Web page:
Book Talk: The Loom of Time & The Tragic Mind

Robert D. Kaplan is one of the most distinguished of all contemporary US commentators on the present world. Like Hemingway, “he honestly and undauntedly reproduces the genuine features of the hard countenance of the age”. He joined Anatol Lieven of the Quincy Institute to discuss his two most recent books:

The Loom of Time: Between Empire and Anarchy, from the Mediterranean to China (2023) examines the Greater Middle East against the background of history and especially imperial history. It appeals to the US establishment to approach the region in a spirit of Realism, and without the illusions and ungrounded optimism that has often plagued American policy in the past.

The Tragic Mind: Fear, Fate and the Burden of Power (2023) draws on the literature of tragedy to illuminate the harsh choices facing policymakers today; choices that rarely involve a clear-cut opposition of good and evil. More often, governments are faced with a tragic confrontation with the need to choose between rival goods, or greater and lesser evils. They need to feel a deep sense of responsibility for the consequences of their decisions, yet also to recognize that they can never be sure of them in advance.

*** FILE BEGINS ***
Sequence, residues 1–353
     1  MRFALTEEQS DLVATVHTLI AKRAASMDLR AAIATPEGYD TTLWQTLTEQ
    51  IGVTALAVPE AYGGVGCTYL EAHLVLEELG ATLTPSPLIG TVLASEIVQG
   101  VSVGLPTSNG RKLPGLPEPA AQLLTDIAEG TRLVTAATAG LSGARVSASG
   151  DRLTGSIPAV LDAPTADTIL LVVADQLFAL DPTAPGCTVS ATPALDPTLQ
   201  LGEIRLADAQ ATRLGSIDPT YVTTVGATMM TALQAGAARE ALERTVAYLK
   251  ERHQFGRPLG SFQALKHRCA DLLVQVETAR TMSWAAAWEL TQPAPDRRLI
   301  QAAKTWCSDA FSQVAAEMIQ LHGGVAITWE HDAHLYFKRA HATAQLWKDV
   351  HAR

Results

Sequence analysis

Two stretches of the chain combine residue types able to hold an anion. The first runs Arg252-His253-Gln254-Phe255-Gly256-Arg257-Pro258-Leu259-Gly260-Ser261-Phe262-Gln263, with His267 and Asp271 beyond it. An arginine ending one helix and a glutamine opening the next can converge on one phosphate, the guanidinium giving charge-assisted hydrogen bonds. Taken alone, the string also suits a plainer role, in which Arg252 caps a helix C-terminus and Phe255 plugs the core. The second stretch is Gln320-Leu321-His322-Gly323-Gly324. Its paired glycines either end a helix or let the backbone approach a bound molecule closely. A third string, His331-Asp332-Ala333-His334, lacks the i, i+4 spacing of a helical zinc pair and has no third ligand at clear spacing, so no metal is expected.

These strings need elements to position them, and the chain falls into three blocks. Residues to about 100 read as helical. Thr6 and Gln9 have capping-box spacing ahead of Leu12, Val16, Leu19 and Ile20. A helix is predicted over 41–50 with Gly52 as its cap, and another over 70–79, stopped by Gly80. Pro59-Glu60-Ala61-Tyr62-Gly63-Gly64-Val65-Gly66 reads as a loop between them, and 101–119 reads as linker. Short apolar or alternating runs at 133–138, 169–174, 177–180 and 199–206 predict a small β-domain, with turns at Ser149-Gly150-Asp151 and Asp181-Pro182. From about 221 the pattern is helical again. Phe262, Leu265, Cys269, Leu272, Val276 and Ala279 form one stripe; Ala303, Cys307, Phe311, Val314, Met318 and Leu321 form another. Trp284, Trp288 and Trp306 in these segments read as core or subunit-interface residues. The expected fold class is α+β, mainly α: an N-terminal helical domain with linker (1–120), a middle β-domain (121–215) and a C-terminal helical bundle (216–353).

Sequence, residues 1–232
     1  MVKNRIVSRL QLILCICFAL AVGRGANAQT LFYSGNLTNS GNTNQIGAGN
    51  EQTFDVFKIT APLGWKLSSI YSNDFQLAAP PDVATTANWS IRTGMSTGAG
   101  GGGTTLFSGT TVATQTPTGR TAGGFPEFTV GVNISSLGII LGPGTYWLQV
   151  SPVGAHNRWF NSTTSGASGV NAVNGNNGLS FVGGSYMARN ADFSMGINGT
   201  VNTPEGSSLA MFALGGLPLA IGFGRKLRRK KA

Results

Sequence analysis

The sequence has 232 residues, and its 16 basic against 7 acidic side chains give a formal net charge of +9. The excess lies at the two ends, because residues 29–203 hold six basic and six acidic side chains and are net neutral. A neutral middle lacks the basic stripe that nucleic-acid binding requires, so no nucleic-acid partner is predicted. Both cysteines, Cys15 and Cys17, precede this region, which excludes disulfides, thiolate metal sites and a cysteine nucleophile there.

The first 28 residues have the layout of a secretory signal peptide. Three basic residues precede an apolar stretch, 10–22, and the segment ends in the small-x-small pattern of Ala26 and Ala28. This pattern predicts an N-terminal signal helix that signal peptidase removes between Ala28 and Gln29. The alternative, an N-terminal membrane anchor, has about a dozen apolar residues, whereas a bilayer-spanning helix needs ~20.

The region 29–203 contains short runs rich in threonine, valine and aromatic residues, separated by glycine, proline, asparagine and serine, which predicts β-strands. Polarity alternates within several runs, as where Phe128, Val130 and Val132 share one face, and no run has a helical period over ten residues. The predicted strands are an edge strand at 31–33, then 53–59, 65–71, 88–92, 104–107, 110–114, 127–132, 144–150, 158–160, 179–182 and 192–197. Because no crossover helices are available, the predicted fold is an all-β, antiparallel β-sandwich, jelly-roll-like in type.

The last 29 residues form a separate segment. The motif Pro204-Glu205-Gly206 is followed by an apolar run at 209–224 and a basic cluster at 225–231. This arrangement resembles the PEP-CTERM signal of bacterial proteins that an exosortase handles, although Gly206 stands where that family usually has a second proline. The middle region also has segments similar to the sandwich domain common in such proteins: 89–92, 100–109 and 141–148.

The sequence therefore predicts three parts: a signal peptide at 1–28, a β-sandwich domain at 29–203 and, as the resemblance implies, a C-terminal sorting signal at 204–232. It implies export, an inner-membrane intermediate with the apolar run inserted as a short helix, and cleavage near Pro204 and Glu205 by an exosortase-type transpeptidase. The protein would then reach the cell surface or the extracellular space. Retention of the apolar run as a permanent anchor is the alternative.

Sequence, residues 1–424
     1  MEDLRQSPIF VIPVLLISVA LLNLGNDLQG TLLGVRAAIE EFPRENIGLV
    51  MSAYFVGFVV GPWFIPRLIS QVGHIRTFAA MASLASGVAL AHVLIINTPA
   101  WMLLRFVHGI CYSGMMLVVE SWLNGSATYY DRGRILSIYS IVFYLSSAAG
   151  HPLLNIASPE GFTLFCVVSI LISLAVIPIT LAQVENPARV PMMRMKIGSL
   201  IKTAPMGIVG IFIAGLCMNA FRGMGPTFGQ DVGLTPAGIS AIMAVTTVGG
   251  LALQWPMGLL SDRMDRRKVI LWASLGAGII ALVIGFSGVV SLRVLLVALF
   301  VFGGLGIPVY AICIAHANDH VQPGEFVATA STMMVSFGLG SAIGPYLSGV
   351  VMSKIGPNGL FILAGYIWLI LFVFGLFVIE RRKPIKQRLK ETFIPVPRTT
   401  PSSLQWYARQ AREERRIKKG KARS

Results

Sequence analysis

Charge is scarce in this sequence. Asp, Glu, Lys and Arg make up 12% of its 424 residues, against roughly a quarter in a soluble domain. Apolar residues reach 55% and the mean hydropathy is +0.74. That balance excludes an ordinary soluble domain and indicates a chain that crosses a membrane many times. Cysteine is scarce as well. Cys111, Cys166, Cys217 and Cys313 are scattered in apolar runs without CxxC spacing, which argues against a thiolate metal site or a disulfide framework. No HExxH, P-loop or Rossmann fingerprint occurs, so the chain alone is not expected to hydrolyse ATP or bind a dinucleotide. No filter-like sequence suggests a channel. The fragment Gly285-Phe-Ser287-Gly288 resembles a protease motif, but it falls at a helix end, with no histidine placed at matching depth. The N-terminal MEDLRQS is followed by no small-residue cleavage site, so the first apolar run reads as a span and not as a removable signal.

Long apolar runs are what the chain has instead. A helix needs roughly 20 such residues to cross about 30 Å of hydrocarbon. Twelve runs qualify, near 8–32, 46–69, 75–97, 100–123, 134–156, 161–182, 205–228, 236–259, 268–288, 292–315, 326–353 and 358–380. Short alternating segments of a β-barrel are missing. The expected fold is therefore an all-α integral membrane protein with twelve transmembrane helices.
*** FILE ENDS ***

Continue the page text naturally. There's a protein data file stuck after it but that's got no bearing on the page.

Robert D. Kaplan

Robert D. Kaplan is the bestselling author of twenty-two books on foreign affairs and travel translated into many languages, including "The Loom of Time", "The Tragic Mind", "Adriatic", "The Good American", "The Revenge of Geography", "Asia’s Cauldron", "The Coming Anarchy", and "Balkan Ghosts". He holds the Robert Strausz-Hupé Chair in Geopolitics at the Foreign Policy Research Institute. For three decades, he reported on foreign affairs for The Atlantic. He was a member of the Pentagon’s Defense Policy Board and the U. S. Navy's Executive Panel.

Anatol Lieven

Dr. Anatol Lieven directs the Eurasia Program at the Quincy Institute for Responsible Statecraft. He was formerly a professor at Georgetown University in Qatar and in the War Studies Department of King’s College London. From 1985 to 1998, Lieven worked as a journalist in South Asia, the former Soviet Union and Eastern Europe and covered the wars in Afghanistan, Chechnya and the southern Caucasus. Lieven is the author of several books, including "Chechnya: Tombstone of Russian Power?" and "Ukraine and Russia: A Fraternal Rivalry."